Living in More Than One World

The Blog of Bruce Rosenstein

Creating Your Future the Peter Drucker Way: A Sneak Preview

If you are attending the SLA Annual Conference in Philadelphia next week, I hope you’ll consider participating in the session I’ll be presenting on June 15th, from 10:00-11:30 AM, Creating Your Future the Peter Drucker Way. On this post, I’ll provide a sneak preview, and why I think it is important for information professionals to hear this message. I recently wrote a guest post for the Government Info Pro blog, 25 Years of Drucker, discussing Drucker’s role in helping to create my future when I was a library school student in 1986, leading to my 2009 book, Living in More Than One World: How Peter Drucker’s Wisdom Can Inspire and Transform Your Life.  Chapter 3  is “Creating Your Future,” which begins with the following Drucker quote, from Management: Revised Edition, which I reviewed for USA TODAY in 2008: “The purpose of the work on making the future is not to decide what should be done tomorrow, but what should be done today to have a tomorrow.” He also advised to identify and take advantage of “the future that has already happened.” What are the current trends that affect your professional and personal life, and what are the implications for the future?…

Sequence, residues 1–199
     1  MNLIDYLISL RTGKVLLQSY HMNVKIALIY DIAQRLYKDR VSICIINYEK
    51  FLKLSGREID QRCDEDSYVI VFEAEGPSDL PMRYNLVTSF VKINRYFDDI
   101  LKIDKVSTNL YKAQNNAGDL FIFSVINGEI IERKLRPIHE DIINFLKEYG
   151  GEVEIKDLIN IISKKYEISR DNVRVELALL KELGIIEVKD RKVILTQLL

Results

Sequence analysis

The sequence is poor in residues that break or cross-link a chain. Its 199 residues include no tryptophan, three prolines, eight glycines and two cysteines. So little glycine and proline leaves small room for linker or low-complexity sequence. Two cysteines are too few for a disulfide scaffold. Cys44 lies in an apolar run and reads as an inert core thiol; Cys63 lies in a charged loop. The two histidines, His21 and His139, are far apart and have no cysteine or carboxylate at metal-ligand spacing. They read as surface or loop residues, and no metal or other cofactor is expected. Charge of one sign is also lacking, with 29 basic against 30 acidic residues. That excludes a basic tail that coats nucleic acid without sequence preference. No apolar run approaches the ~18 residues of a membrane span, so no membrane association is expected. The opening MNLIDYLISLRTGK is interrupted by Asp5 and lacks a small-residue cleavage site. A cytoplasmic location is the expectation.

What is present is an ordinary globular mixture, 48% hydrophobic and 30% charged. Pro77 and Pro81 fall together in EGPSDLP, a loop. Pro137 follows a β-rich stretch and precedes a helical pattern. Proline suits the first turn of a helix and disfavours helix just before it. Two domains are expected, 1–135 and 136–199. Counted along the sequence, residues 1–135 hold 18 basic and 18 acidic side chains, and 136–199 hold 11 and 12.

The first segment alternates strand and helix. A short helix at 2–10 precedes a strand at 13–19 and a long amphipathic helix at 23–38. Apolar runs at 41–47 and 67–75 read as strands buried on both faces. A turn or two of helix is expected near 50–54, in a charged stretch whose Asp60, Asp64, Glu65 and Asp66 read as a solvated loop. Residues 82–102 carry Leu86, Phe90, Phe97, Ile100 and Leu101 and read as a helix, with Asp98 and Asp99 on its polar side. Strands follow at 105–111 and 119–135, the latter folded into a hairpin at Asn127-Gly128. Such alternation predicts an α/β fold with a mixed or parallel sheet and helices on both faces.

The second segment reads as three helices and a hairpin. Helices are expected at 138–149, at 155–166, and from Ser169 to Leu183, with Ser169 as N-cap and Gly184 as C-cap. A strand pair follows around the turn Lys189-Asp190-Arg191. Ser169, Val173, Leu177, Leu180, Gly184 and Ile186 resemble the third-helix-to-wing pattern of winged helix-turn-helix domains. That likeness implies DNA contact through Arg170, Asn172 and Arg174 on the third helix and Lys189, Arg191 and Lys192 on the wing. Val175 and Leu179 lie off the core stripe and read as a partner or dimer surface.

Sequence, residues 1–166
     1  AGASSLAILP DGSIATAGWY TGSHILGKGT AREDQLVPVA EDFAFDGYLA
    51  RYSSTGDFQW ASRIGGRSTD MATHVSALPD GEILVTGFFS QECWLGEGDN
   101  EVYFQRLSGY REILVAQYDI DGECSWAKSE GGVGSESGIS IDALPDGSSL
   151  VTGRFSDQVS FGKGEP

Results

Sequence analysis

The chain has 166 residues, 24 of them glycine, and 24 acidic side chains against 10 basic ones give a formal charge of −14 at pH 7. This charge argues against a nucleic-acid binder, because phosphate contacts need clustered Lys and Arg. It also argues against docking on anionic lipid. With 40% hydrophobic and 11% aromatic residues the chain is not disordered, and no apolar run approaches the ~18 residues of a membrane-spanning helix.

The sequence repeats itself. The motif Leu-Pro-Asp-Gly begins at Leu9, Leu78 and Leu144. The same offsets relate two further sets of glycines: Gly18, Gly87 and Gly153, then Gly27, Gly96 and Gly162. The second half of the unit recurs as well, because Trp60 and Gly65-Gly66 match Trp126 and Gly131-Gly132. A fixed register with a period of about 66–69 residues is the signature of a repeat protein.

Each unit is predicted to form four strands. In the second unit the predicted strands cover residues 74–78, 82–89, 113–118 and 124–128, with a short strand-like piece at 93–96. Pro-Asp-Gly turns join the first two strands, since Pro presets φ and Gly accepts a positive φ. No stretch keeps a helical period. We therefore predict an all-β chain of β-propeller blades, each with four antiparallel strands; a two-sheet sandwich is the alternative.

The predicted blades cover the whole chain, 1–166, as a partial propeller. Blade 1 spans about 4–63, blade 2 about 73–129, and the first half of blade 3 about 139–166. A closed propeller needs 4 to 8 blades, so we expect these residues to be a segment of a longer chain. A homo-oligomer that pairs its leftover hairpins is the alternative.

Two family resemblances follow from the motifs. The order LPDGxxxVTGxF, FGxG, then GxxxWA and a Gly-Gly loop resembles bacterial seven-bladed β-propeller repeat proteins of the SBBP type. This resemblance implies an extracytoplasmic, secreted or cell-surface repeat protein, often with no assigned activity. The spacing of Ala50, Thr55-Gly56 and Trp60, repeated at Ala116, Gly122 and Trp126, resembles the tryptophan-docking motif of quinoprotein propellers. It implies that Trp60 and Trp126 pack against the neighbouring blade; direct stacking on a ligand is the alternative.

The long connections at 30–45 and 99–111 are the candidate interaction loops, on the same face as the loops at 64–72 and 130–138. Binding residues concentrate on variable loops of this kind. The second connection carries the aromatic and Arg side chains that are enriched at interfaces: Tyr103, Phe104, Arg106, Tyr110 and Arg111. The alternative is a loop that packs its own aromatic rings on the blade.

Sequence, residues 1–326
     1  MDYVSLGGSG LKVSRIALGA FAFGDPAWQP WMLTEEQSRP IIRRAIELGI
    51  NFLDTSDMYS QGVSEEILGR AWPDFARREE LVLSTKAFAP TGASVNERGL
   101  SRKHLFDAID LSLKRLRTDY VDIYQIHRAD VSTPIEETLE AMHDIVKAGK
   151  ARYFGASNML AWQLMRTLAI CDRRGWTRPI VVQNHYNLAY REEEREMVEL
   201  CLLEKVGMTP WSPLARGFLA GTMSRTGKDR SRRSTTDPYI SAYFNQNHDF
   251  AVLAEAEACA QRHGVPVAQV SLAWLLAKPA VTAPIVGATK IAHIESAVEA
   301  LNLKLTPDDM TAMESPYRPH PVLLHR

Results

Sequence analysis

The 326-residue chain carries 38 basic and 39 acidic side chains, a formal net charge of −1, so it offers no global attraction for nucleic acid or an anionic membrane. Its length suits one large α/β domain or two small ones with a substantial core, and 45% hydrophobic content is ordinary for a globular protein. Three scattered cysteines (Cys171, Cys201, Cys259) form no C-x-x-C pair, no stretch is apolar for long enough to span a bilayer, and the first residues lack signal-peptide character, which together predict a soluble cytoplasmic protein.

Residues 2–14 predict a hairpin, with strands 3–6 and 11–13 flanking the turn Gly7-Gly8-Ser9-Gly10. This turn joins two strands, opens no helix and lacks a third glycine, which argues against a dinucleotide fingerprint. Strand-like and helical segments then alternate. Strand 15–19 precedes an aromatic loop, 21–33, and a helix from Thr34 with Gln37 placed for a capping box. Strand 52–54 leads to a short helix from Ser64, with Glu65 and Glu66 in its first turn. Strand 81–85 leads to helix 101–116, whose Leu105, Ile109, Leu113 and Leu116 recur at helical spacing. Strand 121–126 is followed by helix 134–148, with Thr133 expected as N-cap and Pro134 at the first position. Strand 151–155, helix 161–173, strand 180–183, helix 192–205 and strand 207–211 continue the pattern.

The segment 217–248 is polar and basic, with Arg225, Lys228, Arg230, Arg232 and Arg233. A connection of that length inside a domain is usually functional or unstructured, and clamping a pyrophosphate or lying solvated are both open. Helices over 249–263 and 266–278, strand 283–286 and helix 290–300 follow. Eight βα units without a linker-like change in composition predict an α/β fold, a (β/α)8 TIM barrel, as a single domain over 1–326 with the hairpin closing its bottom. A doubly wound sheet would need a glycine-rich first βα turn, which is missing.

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Last Lectures and Guest Lectures

The poignant and powerful example of the late Carnegie Mellon University professor Randy Pausch brought considerable attention to the concept of the last lecture. However, relatively few knowledge workers will have the opportunity to make a final, summing up address to a class or audience, let alone one that also turns into a bestselling book. But many of us can deliver a guest lecture at the college or grad school level. It is an activity that has the potential to benefit many people at the same time: the guest lecturer, the regular teacher in the class and the students. It is a great way to share knowledge, and to test-drive a possible career in teaching, either as a full-time professor or as an adjunct.

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Drucker as His Own Successor